bracket

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English[edit]

Pronunciation[edit]

Etymology 1[edit]

From earlier bragget, probably from Middle French braguette, from Old French braguette(the opening in the fore part of a pair of breeches), from Old Provençal braga, from Latin brāca(pants), from Transalpine Gaulish *brāca(pants), perhaps from or related to similar forms in Germanic: compare Old English braccas(pants), Old English brōc(breeches), from Proto-Indo-European *bʰrāg-, from *bʰreg-(to break, crack, split, divide). More at breech, britches.

Noun[edit]

bracket ‎(plural brackets)

A decorative architectural bracket (sense 2)
Dental braces showing the brackets (sense 2) glued to teeth and supporting the arch wire.
  1. A fixture attached to a wall to hold up a shelf.
  2. (engineering) Any intermediate object that connects a smaller part to a larger part, the smaller part typically projecting sideways from the larger part.
    • 2005, Todd Downs, The Bicycling Guide to Complete Bicycle Maintenance & Repair for Road and Mountain bikes, ISBN 1594863423:
      To determine if your frame has this bottom bracket type, look for a notched and possibly knurled lockring on the left side (the side without the chainrings).
    • 2013, Laura Mitchell, An Introduction to Orthodontics, ISBN 0199594716, page 220:
      Not only does the attachment on the tooth surface (called a bracket) allow the tooth to be moved vertically or tilted, but also a force couple can be generated by the interaction between the bracket and an archwire running through the bracket.
  3. (nautical) A short crooked timber, resembling a knee, used as a support.
  4. (military) The cheek or side of an ordnance carriage.
  5. Any of the characters "(", ")", "[", "]", "{", "}", and, in the area of computer languages, "<" and ">"; used in pairs to enclose parenthetic remarks, sections of mathematical expressions, etc.
    1. "(" and ")" specifically, the other forms above requiring adjectives for disambiguation.
    2. (technical) "[" and "]" specifically - opposed to the other forms of which have their own technical names.
  6. (sports) A printed diagram of games in a tournament.
  7. (sports) A prediction of the outcome of games in a tournament, used for betting purposes.
  8. One of several ranges of numbers.
    tax bracket, age bracket
  9. (algebra) A pair of values that represent the smallest and largest elements of a range.
  10. (military) In artillery, the endangered region between two shell impacts (one long and one short). The next shell fired is likely to hit accurately.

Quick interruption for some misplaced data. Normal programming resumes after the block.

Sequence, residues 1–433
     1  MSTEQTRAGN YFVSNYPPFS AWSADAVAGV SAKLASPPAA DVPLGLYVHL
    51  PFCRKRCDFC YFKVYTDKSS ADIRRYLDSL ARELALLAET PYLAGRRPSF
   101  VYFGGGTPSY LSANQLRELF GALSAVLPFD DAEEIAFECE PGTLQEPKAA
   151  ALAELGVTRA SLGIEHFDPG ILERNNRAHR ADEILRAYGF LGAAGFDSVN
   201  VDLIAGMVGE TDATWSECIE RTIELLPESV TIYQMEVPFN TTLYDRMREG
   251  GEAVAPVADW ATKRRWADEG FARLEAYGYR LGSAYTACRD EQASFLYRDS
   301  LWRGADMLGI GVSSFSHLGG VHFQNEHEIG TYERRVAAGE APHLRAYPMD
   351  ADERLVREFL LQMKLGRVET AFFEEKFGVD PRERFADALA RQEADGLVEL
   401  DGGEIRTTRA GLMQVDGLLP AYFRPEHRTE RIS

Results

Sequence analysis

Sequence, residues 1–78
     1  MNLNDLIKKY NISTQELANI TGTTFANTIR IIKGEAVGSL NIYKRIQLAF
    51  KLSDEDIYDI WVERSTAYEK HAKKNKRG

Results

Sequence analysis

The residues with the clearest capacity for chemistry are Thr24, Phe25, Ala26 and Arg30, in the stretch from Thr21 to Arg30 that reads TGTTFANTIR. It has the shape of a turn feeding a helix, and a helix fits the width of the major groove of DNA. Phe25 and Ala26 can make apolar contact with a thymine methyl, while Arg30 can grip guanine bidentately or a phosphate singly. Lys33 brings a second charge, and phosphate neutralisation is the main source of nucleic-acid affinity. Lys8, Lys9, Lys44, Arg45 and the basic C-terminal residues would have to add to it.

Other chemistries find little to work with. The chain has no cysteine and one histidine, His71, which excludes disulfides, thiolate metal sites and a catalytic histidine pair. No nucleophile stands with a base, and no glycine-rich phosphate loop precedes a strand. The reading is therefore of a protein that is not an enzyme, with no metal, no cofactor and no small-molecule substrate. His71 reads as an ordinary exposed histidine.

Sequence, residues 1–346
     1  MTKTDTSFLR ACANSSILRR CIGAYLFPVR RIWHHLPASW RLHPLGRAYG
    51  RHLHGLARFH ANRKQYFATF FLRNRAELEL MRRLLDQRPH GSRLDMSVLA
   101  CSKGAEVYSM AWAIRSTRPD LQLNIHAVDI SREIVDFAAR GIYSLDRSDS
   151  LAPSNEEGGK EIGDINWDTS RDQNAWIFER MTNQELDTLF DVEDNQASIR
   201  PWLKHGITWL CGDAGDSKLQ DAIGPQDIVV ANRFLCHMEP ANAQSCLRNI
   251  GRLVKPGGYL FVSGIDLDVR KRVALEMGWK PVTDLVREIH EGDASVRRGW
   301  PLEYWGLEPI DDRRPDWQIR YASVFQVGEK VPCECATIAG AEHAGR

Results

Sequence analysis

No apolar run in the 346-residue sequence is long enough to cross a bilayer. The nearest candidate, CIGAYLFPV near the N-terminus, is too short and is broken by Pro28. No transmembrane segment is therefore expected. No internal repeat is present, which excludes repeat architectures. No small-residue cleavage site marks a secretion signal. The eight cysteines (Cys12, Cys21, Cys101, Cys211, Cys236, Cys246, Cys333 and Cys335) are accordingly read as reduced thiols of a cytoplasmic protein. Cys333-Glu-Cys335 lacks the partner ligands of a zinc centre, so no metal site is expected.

Synonyms[edit]
Derived terms[edit]
Translations[edit]
The translations below need to be checked and inserted above into the appropriate translation tables, removing any numbers. Numbers do not necessarily match those in definitions. See instructions at Help:How to check translations.
Hyponyms[edit]
See also[edit]

Punctuation

Verb[edit]

bracket ‎(third-person singular simple present brackets, present participle bracketing, simple past and past participle bracketed)

  1. To bound on both sides, to surround, as enclosing with brackets.
    I tried to hit the bullseye by first bracketing it with two shots and then splitting the difference with my third, but I missed.
  2. To place in the same category.
    Because the didn't have enough young boys for two full teams, they bracketed the seven-year olds with the eight-year olds.
  3. To mark distinctly for special treatment.
    • 1992, Tom Burns, Erving Goffman, page 292:
      Next, since so much social activity is defined by being bracketed out of the world of ongoing events, it becomes possible that outside such bracketed episodes, [] people are — especially beforehand, but also afterwards — to some extent "out of role", and so off their guard.
  4. To set aside, discount, ignore.
    • 2009, Michael Erard, “Holy Grammar, Inc.”, in Search Magazine, July–August 2009:
      SIL got access to academic legitimacy; linguists bracketed the evangelical engine that drives SIL because they got access to data and tools.
  5. (photography) To take multiple images of the same subject, using a range of exposure settings, in order to help ensure that a satisfactory image is obtained.
  6. (philosophy, phenomenology) In the philosophical system of Edmund Husserl and his followers, to set aside metaphysical theories and existential questions concerning what is real in order to focus philosophical attention simply on the actual content of experience.
Translations[edit]

Etymology 2[edit]

Noun[edit]

bracket ‎(uncountable)

  1. Alternative form of bragget (drink made with ale and honey)

Spanish[edit]

Noun[edit]

bracket m ‎(plural brackets)

  1. bracket (braces)